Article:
Did Bush or Cheney give a rat’s ass about the mass slaughter of hundreds of thousands of innocent civilians in Iraq?
Does Obama care about all the innocent victims of the US’s unconstitutional drone policy?
The answer to those questions is easy. But why? The short answer is neither the global elite nor their families are ever in a position to be damaged by their own actions.
As a result, those in power see people at the bottom as aliens whose bizarre emotions they must try to manage.
Recently I spoke with an acquaintance of Angela Merkel, the German chancellor, and the conversation quickly turned, as conversations about Ms. Merkel now always do, to her decisions on immigration.
The acquaintance said, he believed the chancellor was operating in pursuit of ideals. Moreover she is attempting to provide a kind of counter-statement, in the 21st century, to Germany’s great sin of the 20th. The historical stain of Nazism, the murder and abuse of the minority, will be followed by the moral triumph of open arms toward the dispossessed. That’s what’s driving it, said the acquaintance.
It was as good an explanation as I’d heard. But there was a fundamental problem with the decision that you can see rippling now throughout the West. Ms. Merkel had put the entire burden of a huge cultural change not on herself and those like her but on regular people who live closer to the edge, who do not have the resources to meet the burden, who have no particular protection or money or connections. Ms. Merkel, her cabinet and government, the media and cultural apparatus that lauded her decision were not in the least affected by it and likely never would be.
Nothing in their lives will get worse. The challenge of integrating different cultures, negotiating daily tensions, dealing with crime and extremism and fearfulness on the street—that was put on those with comparatively little, whom I’ve called the unprotected.
The powerful show no particular sign of worrying about any of this. When the working and middle class pushed back in shocked indignation, the people on top called them “xenophobic,” “narrow-minded,” “racist.” The detached, who made the decisions and bore none of the costs, got to be called “humanist,” “compassionate,” and “hero of human rights.”
In Manhattan, my little island off the continent, I see the children of the global business elite marry each other and settle in London or New York or Mumbai. They send their children to the same schools and are alert to all class markers. And those elites, of Mumbai and Manhattan, do not often identify with, or see a connection to or an obligation toward, the rough, struggling people who live at the bottom in their countries. In fact, they fear them, and often devise ways, when home, of not having their wealth and worldly success fully noticed.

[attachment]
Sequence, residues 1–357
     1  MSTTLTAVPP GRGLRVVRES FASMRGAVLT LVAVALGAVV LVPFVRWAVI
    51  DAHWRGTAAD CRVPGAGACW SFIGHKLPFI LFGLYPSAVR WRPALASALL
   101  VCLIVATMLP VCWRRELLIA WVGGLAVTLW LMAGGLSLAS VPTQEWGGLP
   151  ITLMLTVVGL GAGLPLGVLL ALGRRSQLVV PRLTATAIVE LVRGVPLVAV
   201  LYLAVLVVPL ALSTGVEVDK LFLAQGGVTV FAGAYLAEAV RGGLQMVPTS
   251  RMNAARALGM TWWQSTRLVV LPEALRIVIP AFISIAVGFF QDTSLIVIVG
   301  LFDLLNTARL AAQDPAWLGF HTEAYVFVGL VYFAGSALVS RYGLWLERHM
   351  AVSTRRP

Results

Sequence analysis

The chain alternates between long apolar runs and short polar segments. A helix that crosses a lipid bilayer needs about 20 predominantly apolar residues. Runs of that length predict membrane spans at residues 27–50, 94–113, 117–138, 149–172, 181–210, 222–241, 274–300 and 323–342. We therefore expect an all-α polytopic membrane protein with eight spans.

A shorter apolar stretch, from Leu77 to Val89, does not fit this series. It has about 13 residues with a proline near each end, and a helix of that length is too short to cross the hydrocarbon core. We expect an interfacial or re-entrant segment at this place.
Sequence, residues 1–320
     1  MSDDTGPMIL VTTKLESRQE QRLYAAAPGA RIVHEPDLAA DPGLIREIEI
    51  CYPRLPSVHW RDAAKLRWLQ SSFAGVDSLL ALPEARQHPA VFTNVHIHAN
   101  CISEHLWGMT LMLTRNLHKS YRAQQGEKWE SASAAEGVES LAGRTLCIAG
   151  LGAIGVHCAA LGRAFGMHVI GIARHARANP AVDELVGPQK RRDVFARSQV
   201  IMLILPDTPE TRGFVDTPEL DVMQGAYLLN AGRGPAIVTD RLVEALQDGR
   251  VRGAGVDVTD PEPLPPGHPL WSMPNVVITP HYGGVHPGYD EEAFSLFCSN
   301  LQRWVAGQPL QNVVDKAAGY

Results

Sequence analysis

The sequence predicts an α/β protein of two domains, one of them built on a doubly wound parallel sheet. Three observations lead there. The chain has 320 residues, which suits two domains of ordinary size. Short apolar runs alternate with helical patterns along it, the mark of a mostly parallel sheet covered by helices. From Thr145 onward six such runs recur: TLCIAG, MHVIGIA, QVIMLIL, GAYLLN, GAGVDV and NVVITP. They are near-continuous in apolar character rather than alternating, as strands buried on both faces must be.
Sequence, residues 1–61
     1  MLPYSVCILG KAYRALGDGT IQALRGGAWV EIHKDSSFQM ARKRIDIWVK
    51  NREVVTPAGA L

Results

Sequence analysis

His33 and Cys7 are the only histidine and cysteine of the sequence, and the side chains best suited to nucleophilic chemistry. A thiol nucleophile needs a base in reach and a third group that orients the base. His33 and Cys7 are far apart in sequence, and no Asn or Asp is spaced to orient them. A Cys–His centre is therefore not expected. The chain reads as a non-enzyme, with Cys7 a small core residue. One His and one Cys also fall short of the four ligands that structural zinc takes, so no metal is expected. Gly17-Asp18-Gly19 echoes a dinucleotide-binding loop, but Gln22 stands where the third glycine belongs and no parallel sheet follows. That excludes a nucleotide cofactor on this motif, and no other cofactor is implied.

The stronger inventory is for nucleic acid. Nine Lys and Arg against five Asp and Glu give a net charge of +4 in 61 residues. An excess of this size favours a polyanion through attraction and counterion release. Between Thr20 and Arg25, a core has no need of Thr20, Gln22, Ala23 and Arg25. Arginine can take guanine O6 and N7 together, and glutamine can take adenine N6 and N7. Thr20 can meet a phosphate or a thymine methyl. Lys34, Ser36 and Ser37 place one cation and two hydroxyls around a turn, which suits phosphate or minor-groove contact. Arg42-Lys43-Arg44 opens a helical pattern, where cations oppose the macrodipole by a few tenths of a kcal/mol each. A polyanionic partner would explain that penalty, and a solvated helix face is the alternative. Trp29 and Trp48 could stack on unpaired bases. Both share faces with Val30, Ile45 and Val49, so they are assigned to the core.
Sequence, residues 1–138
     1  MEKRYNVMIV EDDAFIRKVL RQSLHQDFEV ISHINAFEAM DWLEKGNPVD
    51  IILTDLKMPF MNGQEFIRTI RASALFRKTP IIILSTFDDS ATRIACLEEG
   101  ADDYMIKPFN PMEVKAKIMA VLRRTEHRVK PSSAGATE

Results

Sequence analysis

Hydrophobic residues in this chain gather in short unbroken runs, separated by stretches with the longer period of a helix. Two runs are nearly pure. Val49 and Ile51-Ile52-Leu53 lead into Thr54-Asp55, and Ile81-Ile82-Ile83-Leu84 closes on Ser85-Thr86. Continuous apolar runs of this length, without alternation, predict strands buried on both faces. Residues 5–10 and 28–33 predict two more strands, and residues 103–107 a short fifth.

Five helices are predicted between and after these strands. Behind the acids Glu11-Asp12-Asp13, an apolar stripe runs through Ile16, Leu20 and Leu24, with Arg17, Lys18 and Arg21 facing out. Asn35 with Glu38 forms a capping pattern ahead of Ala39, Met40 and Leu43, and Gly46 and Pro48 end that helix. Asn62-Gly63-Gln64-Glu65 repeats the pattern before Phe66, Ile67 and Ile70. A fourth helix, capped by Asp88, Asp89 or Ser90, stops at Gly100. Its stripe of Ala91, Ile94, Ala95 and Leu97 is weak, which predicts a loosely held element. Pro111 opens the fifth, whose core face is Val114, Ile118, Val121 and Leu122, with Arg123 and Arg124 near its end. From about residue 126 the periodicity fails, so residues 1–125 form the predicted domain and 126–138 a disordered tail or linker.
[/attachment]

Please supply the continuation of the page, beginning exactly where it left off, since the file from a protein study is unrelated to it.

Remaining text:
I close with a story that I haven’t seen in the mainstream press. This week the Daily Caller’s Peter Hasson reported that recent Syrian refugees being resettled in Virginia, were sent to the state’s poorest communities. Data from the State Department showed that almost all Virginia’s refugees since October “have been placed in towns with lower incomes and higher poverty rates, hours away from the wealthy suburbs outside of Washington, D.C.” Of 121 refugees, 112 were placed in communities at least 100 miles from the nation’s capital. The suburban counties of Fairfax, Loudoun and Arlington—among the wealthiest in the nation, and home to high concentrations of those who create, and populate, government and the media—have received only nine refugees.
Some of the detachment isn’t unconscious. Some of it is sheer and clever self-protection. At least on some level they can take care of their own.
Arrogantly Ass Backwards
One of the most disgusting and arrogant articles I have seen in a long time was written by James Traub, a contributing editor at Foreign Policy.
“The Brexit has laid bare the political schism of our time. It’s not about the left vs. the right; it’s about the sane vs. the mindlessly angry,” says Traub.
Who the hell is Traub to decide what is right for the masses?
The masses were against the Iraq war (and correctly so). We had war anyway, with devastating consequences.
The masses never would have fought a war with Vietnam. We had a war, and we lost it. How many US citizens are dead, physically disabled, or mentally disabled because the elite so much believed in the asinine “Domino Theory” that they were willing to go into a stupid war on that belief?
Traub is upset that the masses have finally figured out the global elite don’t give a rat’s ass about them.
People are not “mindlessly angry”. They are angry because they have been ripped off by the Fed, by their governments, and by ignorant media jackasses who are clueless about why there is so much anger.
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Mike “Mish” Shedlock